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The Garrymore of my Youth

By Tom Prendergast

I saw my first football match in Dormodys’s field in Ballyglass, Garrymore home venue: that was in 1937, when I was 12 years old. The day of a match was always a great day for us youngsters as it was the only day we would be allowed away from the house. We would watch the team togging out by the ditch and they all wore different colour jerseys. There was no set of Garrymore jerseys then.

The placing of the team was always watched with interest, and I remember the way players objected to playing in certain positions, saying: “I’m no good at full or centre”, and after some hassle someone would stand in that positions. Eventually the game would start and Tom Murphy, R.I.P., would be inside the line, running up and down with the play, shouting “mark up, mark up”, and not a smile on his face until the game was over.

The teams that came to Ballyglass in those years were: Ballyhaunis, Kilmaine, Mayo Abbey, Hollymount, Knock, Shrule. The Bacon Factory came in later years. As far as I remember Knock came only once. Mayo Abbey had the best teams, they had great footballers.

I remember a strange incident at one of those matches. The referee blew his whistle on Garrymore’s 14-yard line and all the supporters were shouting: “Free out, ref” but he gave a hop ball a few yards from the side line and before any player could catch the ball, my father ran out and punched it down the field and run out again laughing. The strange thing about it was, nobody said a word to him and I do not recall the ball being re-hoped.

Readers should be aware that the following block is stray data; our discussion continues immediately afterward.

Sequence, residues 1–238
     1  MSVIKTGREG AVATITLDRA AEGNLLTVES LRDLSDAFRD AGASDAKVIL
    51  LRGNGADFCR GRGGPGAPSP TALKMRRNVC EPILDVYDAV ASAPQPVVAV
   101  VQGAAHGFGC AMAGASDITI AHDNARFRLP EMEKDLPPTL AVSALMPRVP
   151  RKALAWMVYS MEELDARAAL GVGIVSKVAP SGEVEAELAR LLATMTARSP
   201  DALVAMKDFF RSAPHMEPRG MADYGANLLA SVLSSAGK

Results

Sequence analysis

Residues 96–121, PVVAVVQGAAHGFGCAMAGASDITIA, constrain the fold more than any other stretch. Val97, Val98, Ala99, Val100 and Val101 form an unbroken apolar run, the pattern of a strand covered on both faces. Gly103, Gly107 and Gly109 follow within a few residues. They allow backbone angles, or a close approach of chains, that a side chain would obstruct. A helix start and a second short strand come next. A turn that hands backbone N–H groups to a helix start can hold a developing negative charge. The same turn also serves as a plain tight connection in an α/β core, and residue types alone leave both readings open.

When Garrymore would have a home game, the pitch would be marked just before the game and on one occasion, the goalposts had to be carried from near Jack Gill’s house to the pitch, so Tom Murphy and a few of us young lads carried them on our shoulders, some 1,000 yards. We got tired on the way and left down one of the poles, and Murphy, who was coming last, asked that it would be put on his shoulder, saying that if was easy to carry two as one. He carried the two poles the rest of the way to the pitch: some 400 yards.

Another great occasion was the game in Malachy ford’s of Hollybrook and it was a Garrymore gate which meant that Garrymore had to get the pitch ready. So after first Mass John Heaney (youngest of the Heaney brothers), Sean and myself, tackled Heaney’s ass and cart, loaded the poles and other gear and hit for Hollybrook, a distance of 5 miles approximately. With some help, the pitch was ready for the game and when the match was over, we loaded up again for home. We enjoyed the day very much as it was our first time to see a match away.

These are but few of the things I remember about my native Garrymore as a schoolboy, but I can say withal honesty, that I got more pleasure watching games in Dermody’s field as a youngster, than at any other time in my life on any other pitch.